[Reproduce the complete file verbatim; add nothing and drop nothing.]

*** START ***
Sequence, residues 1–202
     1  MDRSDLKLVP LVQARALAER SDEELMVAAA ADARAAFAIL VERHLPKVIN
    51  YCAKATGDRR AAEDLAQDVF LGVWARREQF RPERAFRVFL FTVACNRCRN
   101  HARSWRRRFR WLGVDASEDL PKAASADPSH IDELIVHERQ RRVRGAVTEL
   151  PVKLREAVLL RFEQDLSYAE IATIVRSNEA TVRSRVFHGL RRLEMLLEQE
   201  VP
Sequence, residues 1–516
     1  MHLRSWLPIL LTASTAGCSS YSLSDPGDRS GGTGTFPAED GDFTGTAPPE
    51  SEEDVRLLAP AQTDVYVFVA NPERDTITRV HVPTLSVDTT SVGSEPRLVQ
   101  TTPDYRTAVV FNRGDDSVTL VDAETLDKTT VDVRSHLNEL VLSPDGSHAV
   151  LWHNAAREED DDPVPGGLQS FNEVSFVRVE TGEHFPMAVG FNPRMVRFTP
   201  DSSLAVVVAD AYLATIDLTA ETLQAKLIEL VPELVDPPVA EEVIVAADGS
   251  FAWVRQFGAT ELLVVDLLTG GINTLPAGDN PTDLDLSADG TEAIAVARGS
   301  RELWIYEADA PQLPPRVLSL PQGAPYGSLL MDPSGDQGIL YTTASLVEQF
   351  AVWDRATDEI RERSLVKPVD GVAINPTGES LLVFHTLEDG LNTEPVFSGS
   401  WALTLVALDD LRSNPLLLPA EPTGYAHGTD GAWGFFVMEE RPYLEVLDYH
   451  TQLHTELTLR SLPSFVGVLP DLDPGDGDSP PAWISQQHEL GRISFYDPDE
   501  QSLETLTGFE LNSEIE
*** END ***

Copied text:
Sequence, residues 1–202
     1  MDRSDLKLVP LVQARALAER SDEELMVAAA ADARAAFAIL VERHLPKVIN
    51  YCAKATGDRR AAEDLAQDVF LGVWARREQF RPERAFRVFL FTVACNRCRN
   101  HARSWRRRFR WLGVDASEDL PKAASADPSH IDELIVHERQ RRVRGAVTEL
   151  PVKLREAVLL RFEQDLSYAE IATIVRSNEA TVRSRVFHGL RRLEMLLEQE
   201  VP
Sequence, residues 1–516
     1  MHLRSWLPIL LTASTAGCSS YSLSDPGDRS GGTGTFPAED GDFTGTAPPE
    51  SEEDVRLLAP AQTDVYVFVA NPERDTITRV HVPTLSVDTT SVGSEPRLVQ
   101  TTPDYRTAVV FNRGDDSVTL VDAETLDKTT VDVRSHLNEL VLSPDGSHAV
   151  LWHNAAREED DDPVPGGLQS FNEVSFVRVE TGEHFPMAVG FNPRMVRFTP
   201  DSSLAVVVAD AYLATIDLTA ETLQAKLIEL VPELVDPPVA EEVIVAADGS
   251  FAWVRQFGAT ELLVVDLLTG GINTLPAGDN PTDLDLSADG TEAIAVARGS
   301  RELWIYEADA PQLPPRVLSL PQGAPYGSLL MDPSGDQGIL YTTASLVEQF
   351  AVWDRATDEI RERSLVKPVD GVAINPTGES LLVFHTLEDG LNTEPVFSGS
   401  WALTLVALDD LRSNPLLLPA EPTGYAHGTD GAWGFFVMEE RPYLEVLDYH
   451  TQLHTELTLR SLPSFVGVLP DLDPGDGDSP PAWISQQHEL GRISFYDPDE
   501  QSLETLTGFE LNSEIE